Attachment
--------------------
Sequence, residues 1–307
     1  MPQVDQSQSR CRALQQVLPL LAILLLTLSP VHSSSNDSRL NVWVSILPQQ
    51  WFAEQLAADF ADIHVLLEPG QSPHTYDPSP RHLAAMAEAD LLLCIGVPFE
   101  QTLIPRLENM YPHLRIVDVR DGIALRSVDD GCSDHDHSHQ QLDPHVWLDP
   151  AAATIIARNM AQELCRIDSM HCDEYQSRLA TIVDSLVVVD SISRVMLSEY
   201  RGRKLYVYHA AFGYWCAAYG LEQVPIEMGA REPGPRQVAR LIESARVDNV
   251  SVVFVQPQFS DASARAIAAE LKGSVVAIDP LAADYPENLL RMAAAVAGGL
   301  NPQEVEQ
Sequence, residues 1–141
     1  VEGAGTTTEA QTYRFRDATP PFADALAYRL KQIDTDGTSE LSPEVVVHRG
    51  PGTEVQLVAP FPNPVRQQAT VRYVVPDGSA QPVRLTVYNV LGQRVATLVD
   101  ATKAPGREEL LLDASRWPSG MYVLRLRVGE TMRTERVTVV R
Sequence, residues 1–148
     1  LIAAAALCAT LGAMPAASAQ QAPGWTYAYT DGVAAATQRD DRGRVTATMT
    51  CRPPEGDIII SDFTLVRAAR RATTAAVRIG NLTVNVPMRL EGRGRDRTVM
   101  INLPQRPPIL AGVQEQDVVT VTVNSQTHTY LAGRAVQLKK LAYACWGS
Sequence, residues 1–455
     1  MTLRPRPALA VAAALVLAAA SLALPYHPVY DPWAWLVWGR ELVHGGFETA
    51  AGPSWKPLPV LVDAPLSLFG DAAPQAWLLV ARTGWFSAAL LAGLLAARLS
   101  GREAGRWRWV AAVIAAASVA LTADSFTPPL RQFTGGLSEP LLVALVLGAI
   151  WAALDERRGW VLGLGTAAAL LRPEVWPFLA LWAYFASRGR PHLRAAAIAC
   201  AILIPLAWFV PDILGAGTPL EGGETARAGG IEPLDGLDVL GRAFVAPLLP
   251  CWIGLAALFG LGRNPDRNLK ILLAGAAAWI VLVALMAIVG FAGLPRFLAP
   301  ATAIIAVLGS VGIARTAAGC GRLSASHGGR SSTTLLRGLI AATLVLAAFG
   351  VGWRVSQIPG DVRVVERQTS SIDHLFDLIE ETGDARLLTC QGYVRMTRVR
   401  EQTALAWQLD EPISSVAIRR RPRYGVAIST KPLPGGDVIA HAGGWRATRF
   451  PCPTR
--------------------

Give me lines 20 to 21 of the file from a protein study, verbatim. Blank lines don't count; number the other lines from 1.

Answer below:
   101  GREAGRWRWV AAVIAAASVA LTADSFTPPL RQFTGGLSEP LLVALVLGAI
   151  WAALDERRGW VLGLGTAAAL LRPEVWPFLA LWAYFASRGR PHLRAAAIAC